Thomas George Griswold, III v. The State of Texas Appeal from 382nd Judicial District Court of Rockwall County (opinion)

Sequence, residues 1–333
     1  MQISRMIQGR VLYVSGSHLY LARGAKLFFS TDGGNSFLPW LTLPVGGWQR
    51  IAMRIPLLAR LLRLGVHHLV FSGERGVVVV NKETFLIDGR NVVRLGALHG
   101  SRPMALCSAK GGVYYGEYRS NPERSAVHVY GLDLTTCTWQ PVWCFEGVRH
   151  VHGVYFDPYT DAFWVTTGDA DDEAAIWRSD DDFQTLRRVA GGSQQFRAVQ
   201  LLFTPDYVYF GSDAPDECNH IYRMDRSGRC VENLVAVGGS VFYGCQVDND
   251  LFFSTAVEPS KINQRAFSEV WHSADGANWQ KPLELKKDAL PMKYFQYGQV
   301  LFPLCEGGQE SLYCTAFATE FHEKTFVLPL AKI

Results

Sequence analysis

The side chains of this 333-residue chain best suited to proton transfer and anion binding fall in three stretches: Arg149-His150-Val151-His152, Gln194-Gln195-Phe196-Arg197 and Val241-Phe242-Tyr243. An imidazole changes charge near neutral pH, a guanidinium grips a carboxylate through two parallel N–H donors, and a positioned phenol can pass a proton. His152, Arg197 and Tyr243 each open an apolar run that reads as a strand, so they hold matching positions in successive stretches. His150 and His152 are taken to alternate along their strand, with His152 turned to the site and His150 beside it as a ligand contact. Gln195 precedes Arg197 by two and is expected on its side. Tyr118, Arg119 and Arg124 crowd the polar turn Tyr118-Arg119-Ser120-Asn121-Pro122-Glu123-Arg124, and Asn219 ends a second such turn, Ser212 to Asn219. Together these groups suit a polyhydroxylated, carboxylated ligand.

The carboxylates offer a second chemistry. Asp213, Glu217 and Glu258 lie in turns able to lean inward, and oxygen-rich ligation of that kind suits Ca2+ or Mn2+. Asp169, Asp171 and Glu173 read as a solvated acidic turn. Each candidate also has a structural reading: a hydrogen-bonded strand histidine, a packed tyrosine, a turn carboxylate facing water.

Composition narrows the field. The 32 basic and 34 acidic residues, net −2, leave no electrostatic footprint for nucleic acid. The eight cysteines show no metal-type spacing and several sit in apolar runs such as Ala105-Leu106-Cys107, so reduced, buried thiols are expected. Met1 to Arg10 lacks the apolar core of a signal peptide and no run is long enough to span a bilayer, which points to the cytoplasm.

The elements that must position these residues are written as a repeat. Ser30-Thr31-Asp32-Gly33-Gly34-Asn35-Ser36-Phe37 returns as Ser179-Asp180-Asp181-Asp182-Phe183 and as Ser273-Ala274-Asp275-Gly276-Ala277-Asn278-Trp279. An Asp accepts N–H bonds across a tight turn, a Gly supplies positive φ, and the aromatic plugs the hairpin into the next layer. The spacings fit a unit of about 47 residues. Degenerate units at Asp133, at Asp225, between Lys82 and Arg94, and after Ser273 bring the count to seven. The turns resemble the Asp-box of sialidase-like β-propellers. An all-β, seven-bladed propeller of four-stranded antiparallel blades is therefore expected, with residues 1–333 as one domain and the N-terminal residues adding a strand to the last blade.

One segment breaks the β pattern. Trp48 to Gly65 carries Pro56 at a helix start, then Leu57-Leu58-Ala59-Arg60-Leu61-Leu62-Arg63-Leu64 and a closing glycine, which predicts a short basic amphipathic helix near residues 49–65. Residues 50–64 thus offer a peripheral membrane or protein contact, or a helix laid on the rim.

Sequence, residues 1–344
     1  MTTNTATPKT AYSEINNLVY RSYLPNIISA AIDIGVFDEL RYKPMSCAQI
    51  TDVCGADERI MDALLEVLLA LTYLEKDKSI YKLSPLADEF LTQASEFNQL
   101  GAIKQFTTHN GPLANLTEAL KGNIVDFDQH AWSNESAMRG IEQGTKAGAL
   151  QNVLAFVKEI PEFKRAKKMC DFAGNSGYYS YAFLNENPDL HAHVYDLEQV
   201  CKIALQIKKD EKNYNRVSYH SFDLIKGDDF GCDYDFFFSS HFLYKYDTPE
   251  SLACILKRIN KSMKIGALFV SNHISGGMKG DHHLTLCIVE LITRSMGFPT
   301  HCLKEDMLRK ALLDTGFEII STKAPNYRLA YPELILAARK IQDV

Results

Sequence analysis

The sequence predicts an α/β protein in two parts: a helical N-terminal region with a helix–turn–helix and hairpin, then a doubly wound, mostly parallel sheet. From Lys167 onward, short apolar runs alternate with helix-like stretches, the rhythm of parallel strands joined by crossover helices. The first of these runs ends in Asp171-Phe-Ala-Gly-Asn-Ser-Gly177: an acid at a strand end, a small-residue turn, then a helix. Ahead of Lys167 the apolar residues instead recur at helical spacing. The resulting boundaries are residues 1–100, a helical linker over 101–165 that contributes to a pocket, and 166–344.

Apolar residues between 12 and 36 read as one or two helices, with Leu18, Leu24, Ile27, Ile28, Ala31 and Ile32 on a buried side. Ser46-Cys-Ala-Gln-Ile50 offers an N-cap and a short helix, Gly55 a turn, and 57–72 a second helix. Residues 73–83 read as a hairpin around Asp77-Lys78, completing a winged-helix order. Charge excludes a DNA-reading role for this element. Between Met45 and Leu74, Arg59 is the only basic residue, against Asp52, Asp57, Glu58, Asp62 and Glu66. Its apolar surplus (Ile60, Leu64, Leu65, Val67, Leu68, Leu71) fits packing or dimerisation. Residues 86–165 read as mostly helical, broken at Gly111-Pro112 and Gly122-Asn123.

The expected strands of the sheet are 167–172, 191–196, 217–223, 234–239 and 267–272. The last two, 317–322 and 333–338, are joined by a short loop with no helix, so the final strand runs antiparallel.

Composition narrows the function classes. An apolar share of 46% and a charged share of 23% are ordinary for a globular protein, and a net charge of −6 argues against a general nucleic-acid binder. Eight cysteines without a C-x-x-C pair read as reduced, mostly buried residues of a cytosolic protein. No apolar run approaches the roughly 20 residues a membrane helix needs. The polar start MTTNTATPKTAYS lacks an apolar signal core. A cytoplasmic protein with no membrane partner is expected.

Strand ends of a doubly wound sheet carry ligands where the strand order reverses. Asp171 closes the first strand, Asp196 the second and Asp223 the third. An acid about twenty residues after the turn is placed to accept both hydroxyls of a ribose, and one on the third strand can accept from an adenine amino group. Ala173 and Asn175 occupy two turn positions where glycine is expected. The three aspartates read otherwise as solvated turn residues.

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REVERSE and REMAND and Opinion Filed October 26, 2021 S In The Court of Appeals Fifth District of Texas at Dallas No. 05-19-01561-CR THOMAS GEORGE GRISWOLD III, Appellant V. THE STATE OF TEXAS, Appellee On Appeal from the 382nd Judicial District Court Rockwall County, Texas Trial Court Cause No. 2-19-0884 OPINION Before Justices Molberg, Goldstein, and Smith Opinion by Justice Goldstein Thomas George Griswold III appeals his conviction for the third-degree felony offense of stalking. In three issues, Griswold asserts (1) the evidence is insufficient to support his conviction, (2) the trial court abused its discretion by denying his motion for new trial without conducting an evidentiary hearing, and (3) the trial court erred by denying his motion to quash the indictment because the stalking statute is unconstitutionally overbroad and vague on its face. Because we agree with Griswold that the stalking statute is unconstitutionally overbroad and vague on its face, we reverse and remand to the trial court for further proceedings consistent with this opinion. BACKGROUND Griswold was indicted for stalking under section 42.072 of the penal code for conduct beginning on or about January 1, 2007 and ending on April 24, 2018. Specifically, the indictment alleged that Griswold: did then and there on more than one occasion and pursuant to the same scheme or course of conduct directed specifically toward [the complainant] that [Griswold] knowingly engaged in conduct that constituted an offence under section 42.07 and/or conduct that [Griswold] knew or reasonably should have known [the complainant] would regard as threatening bodily injury for [the complainant] and or bodily injury or death, and did cause [the complainant] to be placed in fear of bodily injury or death, to-wit: [listing five specific allegations of repeated communications, public declarations on Facebook, public statements, and public threats]. The indictment continued by alleging Griswold’s conduct caused the complainant “to feel harassed, annoyed, alarmed, abused, tormented, embarrassed, or offended” and “would cause a reasonable person to feel harassed, annoyed, alarmed, abused, tormented, embarrassed, or offended.” At the time Griswold was indicted, section 42.072 of the penal code, entitled “Stalking,” provided: (a) A person commits an offense if the person, on more than one occasion and pursuant to the same scheme or course of conduct that is directed specifically at another person, knowingly engages in conduct that: (1) constitutes an offense under Section 42.07 . . . : (2) causes the other person . . . to feel harassed, annoyed, alarmed, abused, tormented, embarrassed, or offended; and (3) would cause a reasonable person to: ... –2– (D) feel harassed, annoyed, alarmed, abused, tormented, embarrassed, or offended. TEX. PENAL CODE ANN. § 42.072(a). Section 42.07, the “electronic- communications-harassment statute,” provided: (a) A person commits an offense if, with intent to harass, annoy, alarm, abuse, torment, or embarrass another, the person: ... (7) sends repeated electronic communications in a manner reasonably likely to harass, annoy, alarm, abuse, torment, embarrass, or offend another. TEX. PENAL CODE ANN. § 42.07(a)(7). The definition of electronic communication encompasses current forms of communication and means: a transfer of signs, signals, writing, images, sounds, data, or intelligence of any nature transmitted in whole or in part by a wire, radio, electromagnetic, photoelectronic, or photo-optical system. The term includes: (A) a communication initiated through the use of electronic mail, instant message, network call, a cellular or other type of telephone, a computer, a camera, text message, a social media platform or application, an Internet website, any other Internetbased communication tool, or facsimile machine; and (B) a communication made to a pager. TEX. PENAL CODE ANN. § 42.07(b)(1). Prior to trial, Griswold filed a motion to quash the indictment alleging the stalking statute was unconstitutionally vague and overbroad, citing Ex parte Barton, 586 S.W.3d 573, 583 85 (Tex. App.—Fort Worth 2019, pet. granted) (op. on reh’g). After a hearing, the trial court denied the motion and proceeded to trial. Griswold –3– was convicted of stalking as charged in the indictment and sentenced to ten years in prison. He filed a motion for new trial, which the trial court denied. This appeal followed. DISCUSSION In his third issue, Griswold challenges the constitutionality of the stalking statute. In particular, he contends the harassment statute, which is incorporated by direct reference into the stalking statute, is unconstitutionally vague because the words “harass, annoy, alarm, abuse, torment, or embarrass” “leaves the electroniccommunications subsection open to various ‘uncertainties of meaning.’” There is a split of authority regarding this issue. Compare State v. Chen, 615 S.W.3d 376, 384 85 (Tex. App.—Houston [14th Dist.] 2020, pet. filed) (holding section 42.07(a)(7) unconstitutionally overbroad); Ex parte Barton, 586 S.W.3d at 583 85 (holding section 42.07(a)(7) facially unconstitutional as overbroad and vague); with Ex parte Johnston, No. 09-19-00445-CR, 2021 WL 1395564, at *3 5 (Tex. App.—Beaumont Apr. 14, 2021, no pet.) (mem. op., not designated for publication) (section 42.072 does not implicate First Amendment protection and therefore not unconstitutionally overbroad or vague); Ex parte McDonald, 606 S.W.3d 856, 863 64 (Tex. App.—Austin 2020, pet. filed) (same); Ex parte Sanders, No. 07-18-00335-CR, 2019 WL 1576076, at *4 5 (Tex. App.—Amarillo Apr. 8, 2019, pet. granted) (mem. op., not designated for publication) (same); Ex parte Hinojos, No. 08-17-00077-CR, 2018 WL 6629678, at *6 (Tex. App.—El Paso Dec. –4– 19, 2018, pet. ref’d) (not designated for publication) (same); Ex parte Reece, No. 11-16-00196-CR, 2016 WL 6998930, at *3 (Tex. App.—Eastland Nov. 30, 2016, pet. ref’d) (mem. op., not designated for publication) (same); Lebo v. State, 474 S.W.3d 402, 408 (Tex. App.—San Antonio 2015, pet. ref’d) (same); Duran v. State, No. 13-11-00205-CR, 2012 WL 3612507, at *3 4 (Tex. App.—Corpus Christi Edinburg Aug. 23, 2012, pet. ref’d) (mem. op., not designated for publication) (same). We review de novo a constitutional challenge to a criminal statute. Lawrence v. State, 240 S.W.3d 912, 915 (Tex. Crim. App. 2007) (applying de novo standard when reviewing trial court’s decision to deny motion to quash indictment). Whether a statute is facially constitutional is a question of law and the challenging party generally carries the burden to establish a statute’s unconstitutionality. Vandyke v. State, 538 S.W.3d 561, 570 (Tex. Crim. App. 2017); Ex parte Lo, 424 S.W.3d 10, 14–15 (Tex. Crim. App. 2013). After a thorough review of the cases, we find persuasive and agree with the analyses and reasoning in both Barton and Chen, which held that the electroniccommunications-harassment statute (section 42.07(a)(7) “sends repeated electronic communications in a manner reasonably likely to harass, annoy, alarm, abuse, torment, embarrass, or offend another”) is unconstitutional. Barton, 586 S.W.3d at 575 (vague and overbroad); Chen, 615 S.W.3d at 385 (overbroad). –5– In Barton, the Fort Worth Court of Appeals first addressed whether the statute implicated the free-speech guarantee of the First Amendment. Barton, 586 S.W.3d at 576. Although the Texas Court of Criminal Appeals previously held the telephone-harassment statute, section 42.07(a)(4), was not “susceptible of application to communicative conduct that is protected by the First Amendment” in Scott v. State, 322 S.W.3d 662, 669 (Tex. Crim. App. 2010), the Fort Worth court noted that portion of Scott had been abrogated by Wilson v. State, 448 S.W.3d 418, 424 25 (Tex. Crim. App. 2014). Reading Wilson to concede that conduct punishable by the statute could have a dual intent—one protected by the First Amendment and one not—the court “departed from Scott’s ‘sole intent’ limiting construction and held the electronic-communications-harassment statute implicated speech protected by the First Amendment.” Chen, 615 S.W.3d at 381 (discussing Barton, 586 S.W.3d at 579). The Barton court then held section 42.07(a)(7) unconstitutional, noting that it “suffers from a fatal flaw of vagueness because the disjunctive series of the terms ‘harass, annoy, alarm, abuse, torment, embarrass, or offend’ leaves the electroniccommunications subsection open to various ‘uncertainties of meaning,’” and “the term ‘reasonably likely’ does not create a ‘reasonable person’ standard sufficient to cure the failure of the subsection to specify whose sensitivities were offended.” Barton, 586 S.W.3d at 583 (citing Long v. State, 931 S.W.2d 285, 288 90 (Tex. Crim. App. 1996)). –6– In Chen, the Fourteenth Court agreed with the logic of Barton, elaborating further on the First Amendment implications. While Scott addressed “the uniquely invasive nature of telephone calls,” the court noted that “‘electronic communications’ encompasses a far broader array of activities . . . Crucially, many of the activities do not fall within the ‘captive-audience’ context, but instead require affirmative actions by the user to access the content at issue.” Chen, 615 S.W.3d at 382 (citation omitted). The Fourteenth Court agreed with Barton’s conclusion that Scott was no longer controlling, noting the breadth of the electroniccommunications-harassment statute is “breathtaking” and has “the potential to sweep up large swaths of protected speech.” Id. at 384. It concluded that “by its plain text[,] the scope of the statute prohibits or chills a substantial amount of protected speech, rendering it unconstitutionally overbroad.” Id. at 385. Like Barton and Chen, we conclude the electronic-communicationsharassment statute goes “beyond a lawful proscription of intolerably invasive conduct and instead reaches a substantial amount of speech protected by the First Amendment” and that the scope of section 42.07(a)(7), as incorporated and included in section 42.072(a), prohibits or chills a substantial amount of protected speech in relation to the legitimate sweep of the statute, rendering it unconstitutionally overbroad. See Barton, 586 S.W.3d at 584; Chen, 615 S.W.3d at 385 (citing Ashcroft v. Free Speech Coalition, 535 U.S. 234, 255 (2002)). We likewise agree with the Barton and Chen courts that, because of the court of criminal appeals’ subsequent –7– holdings (notably the Wilson case) and after considering the differences between regular telephonic communications and other electronic communications, the court of criminal appeals’ holding in Scott is no longer controlling. For those reasons, we decline to adopt the reasoning of our sister courts which have concluded otherwise. We conclude inclusion of the terms “harass, annoy, alarm, abuse, torment, embarrass, or offend” leaves the electronic-communications subsection open to various “uncertainties of meaning” and renders the harassment provisions incorporated into the stalking statute facially unconstitutional as vague and overbroad. Barton, 586 S.W.3d at 583, 585; Chen, 615 S.W.3d at 385. By following Barton and Chen, we acknowledge without reiteration the decades of judicial and legislative grappling with First Amendment guarantees juxtaposed against the activities proscribed by stalking and harassment statutes set against the backdrop of the breadth and scope of electronic communications in the cyber age. See Barton, 586 S.W.3d at 577–85. Finally, we reject the State’s contention that this constitutional issue “may not be ripe” for this Court to address until the Texas Court of Criminal Appeals issues a decision in Barton. The State conflates ripeness with judicial efficiency. Ripeness concerns justiciability. Noell v. Air Park Homeowners Ass’n, Inc., 246 S.W.3d 827, 832 (Tex. App.—Dallas 2008, pet. denied) (citing Perry v. Del Rio, 66 S.W.3d 239, 249 (Tex. 2001)). The doctrinal purpose of ripeness is to prevent premature adjudication. Noell, 246 S.W.3d at 832. Because Griswold has been convicted as –8– charged in the indictment, this issue is ripe, and nothing prevents this Court from exercising its jurisdiction over this appeal. The only contingency is what guidance, if any, may be afforded by a future opinion from a higher court. We conclude the stalking statute, section 42.072(a) of the penal code, is unconstitutionally overbroad and vague on its face. Accordingly, we sustain Griswold’s third issue. Having sustained Griswold’s third issue, we need not address his remaining two issues. See TEX. R. APP. P. 47.1. We reverse the trial court’s judgment and remand to the trial court to grant the motion to quash and dismiss the indictment. See Adley v. State, 718 S.W.2d 682, 685 (Tex. Crim. App. 1985). Publish TEX. R. APP. P. 47.2(b) 191561F.P05 /Bonnie Lee Goldstein/ BONNIE LEE GOLDSTEIN JUSTICE –9– S Court of Appeals Fifth District of Texas at Dallas JUDGMENT THOMAS GEORGE GRISWOLD III, Appellant No. 05-19-01561-CR On Appeal from the 382nd Judicial District Court, Rockwall County, Texas Trial Court Cause No. 2-19-0884. Opinion delivered by Justice Goldstein. Justices Molberg and Smith participating. V. THE STATE OF TEXAS, Appellee Based on the Court’s opinion of this date, the judgment of the trial court is REVERSED and the cause REMANDED to the trial court with instructions to grant the motion to quash and dismiss the indictment. Judgment entered October 26, 2021 –10–